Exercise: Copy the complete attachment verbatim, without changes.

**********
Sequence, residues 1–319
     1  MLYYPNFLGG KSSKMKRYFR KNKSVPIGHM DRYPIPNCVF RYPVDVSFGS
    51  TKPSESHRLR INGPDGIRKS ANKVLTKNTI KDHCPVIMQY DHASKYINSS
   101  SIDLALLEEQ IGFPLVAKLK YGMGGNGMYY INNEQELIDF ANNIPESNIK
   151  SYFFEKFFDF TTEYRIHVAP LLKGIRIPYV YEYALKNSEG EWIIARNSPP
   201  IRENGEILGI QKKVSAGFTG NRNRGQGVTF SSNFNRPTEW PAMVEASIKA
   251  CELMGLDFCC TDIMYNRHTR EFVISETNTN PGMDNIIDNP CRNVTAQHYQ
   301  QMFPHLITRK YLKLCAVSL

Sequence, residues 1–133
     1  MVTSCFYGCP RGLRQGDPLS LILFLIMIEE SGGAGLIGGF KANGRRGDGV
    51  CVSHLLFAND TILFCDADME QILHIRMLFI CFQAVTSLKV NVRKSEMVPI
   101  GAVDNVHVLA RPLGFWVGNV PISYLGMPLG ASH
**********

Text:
Sequence, residues 1–319
     1  MLYYPNFLGG KSSKMKRYFR KNKSVPIGHM DRYPIPNCVF RYPVDVSFGS
    51  TKPSESHRLR INGPDGIRKS ANKVLTKNTI KDHCPVIMQY DHASKYINSS
   101  SIDLALLEEQ IGFPLVAKLK YGMGGNGMYY INNEQELIDF ANNIPESNIK
   151  SYFFEKFFDF TTEYRIHVAP LLKGIRIPYV YEYALKNSEG EWIIARNSPP
   201  IRENGEILGI QKKVSAGFTG NRNRGQGVTF SSNFNRPTEW PAMVEASIKA
   251  CELMGLDFCC TDIMYNRHTR EFVISETNTN PGMDNIIDNP CRNVTAQHYQ
   301  QMFPHLITRK YLKLCAVSL

Sequence, residues 1–133
     1  MVTSCFYGCP RGLRQGDPLS LILFLIMIEE SGGAGLIGGF KANGRRGDGV
    51  CVSHLLFAND TILFCDADME QILHIRMLFI CFQAVTSLKV NVRKSEMVPI
   101  GAVDNVHVLA RPLGFWVGNV PISYLGMPLG ASH